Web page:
I was a Colonel in the Army Reserves, and when I was in high school I thought that Barry Goldwater would make a great President. That's why Dave had been concerned.
    I never knew that there were gay students when I was at Xavier. I'm sure, in retrospect, that there must have been but, like Dave, they hid it well. [Never knew about your sojourns into the Village, Dave. Thanks for sharing.]
    I could never reconcile the Church's views on gays with Christ's teachings, which is one reason I'm an Episcopalian, today (but still support Xavier and Fordham, and am thrilled with Pope Francis).
    A Gay-Straight Alliance at Xavier; the end of Don't Ask, Don't Tell in the military, recognition of same sex marriage ... maybe we are making some progress.
    I wish Bernie were ten years younger ...
    Thanks, Peter; thanks, Dave!

  2. I am Pete's expert on things that are gay, I guess: we were friends (via a mutual NJ friend) when we were both in high school (me in NJ, him at Xavier), I was "out" by 1970 (when Pete was still in high school), and I live now in Greenwich Village just 3 blocks south of Xavier. I frequently see young Xavier men in packs wandering through the queer-infused streets of Chelsea and the Village. What with the gay-straight alliance and all, it would seem that those boys have a much easier time than David had. But I don't think that David had a much harder time than any of us had--being gay at Cliffside Park High School was no picnic, although, because of countercultural infusion at the time (an infusion that probably did not reach Xavier), I was accepted as a rebel/nonconformist/hippie, which was not all that different from queer, and so friends who accepted me as r/n/h did not seem to have too much trouble accepting me as homosexual.

    Xavier, as Pete & Dave describe it, seems like an insular world within the New York melange--rather like the Hassidim, who can be among us but also totally in a different world. The crewcuts and military dress of Xavier kids in the late 1960s would certainly set them apart from mass culture. Of course, those who opened their eyes, as Dave did, could see the rest of the world: I, like Dave, knew about The Boys in the Band and gained comfort from its very existence, even if it was not the most affirming of gay plays.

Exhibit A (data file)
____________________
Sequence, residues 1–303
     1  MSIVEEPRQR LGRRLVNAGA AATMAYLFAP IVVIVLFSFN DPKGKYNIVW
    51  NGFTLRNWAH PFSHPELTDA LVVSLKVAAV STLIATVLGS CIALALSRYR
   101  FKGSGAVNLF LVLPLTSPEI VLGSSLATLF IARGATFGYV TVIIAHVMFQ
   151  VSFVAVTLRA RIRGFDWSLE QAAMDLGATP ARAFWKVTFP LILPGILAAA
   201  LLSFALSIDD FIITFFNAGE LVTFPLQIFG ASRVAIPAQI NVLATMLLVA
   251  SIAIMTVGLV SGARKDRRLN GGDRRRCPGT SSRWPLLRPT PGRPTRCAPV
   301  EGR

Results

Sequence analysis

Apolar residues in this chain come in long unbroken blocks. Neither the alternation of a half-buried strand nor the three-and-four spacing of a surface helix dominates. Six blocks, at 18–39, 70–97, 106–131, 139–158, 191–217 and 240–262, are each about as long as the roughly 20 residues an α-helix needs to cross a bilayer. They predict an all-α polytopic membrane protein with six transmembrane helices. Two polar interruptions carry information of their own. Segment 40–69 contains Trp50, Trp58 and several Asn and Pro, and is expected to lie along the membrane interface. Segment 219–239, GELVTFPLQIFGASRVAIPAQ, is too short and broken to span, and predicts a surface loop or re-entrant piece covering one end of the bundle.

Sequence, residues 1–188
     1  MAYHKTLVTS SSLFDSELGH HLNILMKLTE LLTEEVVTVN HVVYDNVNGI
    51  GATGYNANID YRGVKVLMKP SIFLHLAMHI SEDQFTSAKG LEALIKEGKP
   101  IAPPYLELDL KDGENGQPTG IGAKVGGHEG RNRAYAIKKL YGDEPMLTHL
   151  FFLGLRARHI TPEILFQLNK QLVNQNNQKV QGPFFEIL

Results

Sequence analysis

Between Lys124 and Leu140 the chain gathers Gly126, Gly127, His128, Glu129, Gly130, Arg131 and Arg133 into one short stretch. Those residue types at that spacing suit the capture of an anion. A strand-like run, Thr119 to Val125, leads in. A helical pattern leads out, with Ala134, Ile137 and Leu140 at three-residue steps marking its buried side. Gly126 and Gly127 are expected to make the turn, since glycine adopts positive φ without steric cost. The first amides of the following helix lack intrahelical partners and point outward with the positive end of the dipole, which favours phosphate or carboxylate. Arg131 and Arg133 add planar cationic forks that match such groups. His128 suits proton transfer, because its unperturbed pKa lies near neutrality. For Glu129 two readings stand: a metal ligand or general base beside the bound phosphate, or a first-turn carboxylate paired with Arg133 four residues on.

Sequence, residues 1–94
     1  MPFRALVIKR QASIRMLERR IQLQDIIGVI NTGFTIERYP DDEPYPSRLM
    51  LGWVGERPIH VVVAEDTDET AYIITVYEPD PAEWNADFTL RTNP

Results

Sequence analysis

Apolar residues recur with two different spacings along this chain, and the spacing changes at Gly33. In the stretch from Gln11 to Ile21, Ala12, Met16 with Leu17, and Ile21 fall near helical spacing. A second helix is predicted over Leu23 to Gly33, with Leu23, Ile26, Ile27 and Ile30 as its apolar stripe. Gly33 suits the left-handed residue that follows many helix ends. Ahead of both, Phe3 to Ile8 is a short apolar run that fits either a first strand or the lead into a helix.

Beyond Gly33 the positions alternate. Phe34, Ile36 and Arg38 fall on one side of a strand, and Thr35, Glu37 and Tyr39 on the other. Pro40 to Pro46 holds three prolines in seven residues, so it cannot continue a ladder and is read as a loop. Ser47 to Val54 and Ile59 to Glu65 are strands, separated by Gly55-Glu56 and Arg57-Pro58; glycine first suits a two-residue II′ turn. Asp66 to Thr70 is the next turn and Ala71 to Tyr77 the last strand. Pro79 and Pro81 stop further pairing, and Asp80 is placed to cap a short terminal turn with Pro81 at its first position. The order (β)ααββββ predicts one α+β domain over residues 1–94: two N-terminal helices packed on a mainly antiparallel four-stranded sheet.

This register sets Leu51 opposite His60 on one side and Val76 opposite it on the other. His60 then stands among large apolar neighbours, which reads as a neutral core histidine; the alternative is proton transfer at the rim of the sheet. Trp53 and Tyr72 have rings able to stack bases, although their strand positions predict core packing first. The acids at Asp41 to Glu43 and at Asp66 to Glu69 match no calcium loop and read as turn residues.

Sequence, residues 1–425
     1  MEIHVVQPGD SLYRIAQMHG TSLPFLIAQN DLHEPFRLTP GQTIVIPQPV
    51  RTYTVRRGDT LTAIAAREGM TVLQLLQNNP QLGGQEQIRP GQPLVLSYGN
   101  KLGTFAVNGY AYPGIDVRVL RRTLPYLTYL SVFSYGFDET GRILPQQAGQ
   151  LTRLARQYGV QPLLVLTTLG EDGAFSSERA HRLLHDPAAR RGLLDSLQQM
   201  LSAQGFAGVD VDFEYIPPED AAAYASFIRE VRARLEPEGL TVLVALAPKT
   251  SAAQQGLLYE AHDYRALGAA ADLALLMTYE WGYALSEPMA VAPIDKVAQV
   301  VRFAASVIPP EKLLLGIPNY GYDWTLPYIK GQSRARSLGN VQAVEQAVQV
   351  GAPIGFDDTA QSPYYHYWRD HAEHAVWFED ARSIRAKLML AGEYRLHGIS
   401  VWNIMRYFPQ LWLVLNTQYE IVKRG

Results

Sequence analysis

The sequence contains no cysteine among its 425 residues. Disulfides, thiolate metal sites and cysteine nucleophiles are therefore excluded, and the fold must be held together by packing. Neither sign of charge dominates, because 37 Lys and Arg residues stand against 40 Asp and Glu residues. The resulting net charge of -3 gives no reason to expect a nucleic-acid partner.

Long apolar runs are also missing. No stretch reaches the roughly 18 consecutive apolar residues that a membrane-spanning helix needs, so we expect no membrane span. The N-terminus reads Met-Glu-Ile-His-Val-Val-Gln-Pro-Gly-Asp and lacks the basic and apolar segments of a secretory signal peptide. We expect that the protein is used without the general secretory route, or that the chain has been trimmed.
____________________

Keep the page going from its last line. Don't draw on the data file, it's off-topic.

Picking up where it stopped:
Two blocks from Xavier, at the corner of 6th Ave. & 14th St., was an institution called "Alternate University" in the late 60s and early 70s. Alternate U started having "courses" about gay liberation almost as soon as Stonewall took place. And it was there that I first went to meetings of the Gay Liberation Front, and heard discussions of how GLF fits within the overall Movement. What if Young Dave, in his military garb, had entered the door of Alternate U, climbed the stairs--I imagine that the cigarette-chaining habituees of the ramshackle quarters would have, as they say, "freaked out," and try to "educate" him. But that didn't happen, because Alternate U was in an alternate universe, as far as Xavier was concerned. Scholars at the two institutions would not have seen each other, or, if they could see each other, would not have known how to speak to each other. Like Klingon and Swahili, with no one around to translate.

    One other thing having to do with Xavier: the Catholic gay group, Dignity, used to have its services at the Xavier church. I was dating a Catholic in the late 70s, Billy, and Billy and I once went to a service at Xavier. As mentioned above, the Jesuits who controlled Xavier were OK with gay stuff, many if not most were gay, and they were probably happy to be having so many potential recruits coming to them. Cardinal Cooke (successor to the rather notoriously gay Cardinal Spellman, known in gay circles as Nellie Spellbound) banned such services, and Dignity found quarters elsewhere, probably in Episcopal churches.

    1. Oddly enough when it came to the life of the mind, Xavier was probably more liberating than the typical public school unless you hung with the really cool kids like Alan Jacobs. You will be probably be surprised to learn that a bunch of us went to see Boys in The Band as an approved school activity. One of the things that we could not help but note was that a couple of the characters had gone to Georgetown, which I hate to acknowledge is probably the most elite Jesuit college.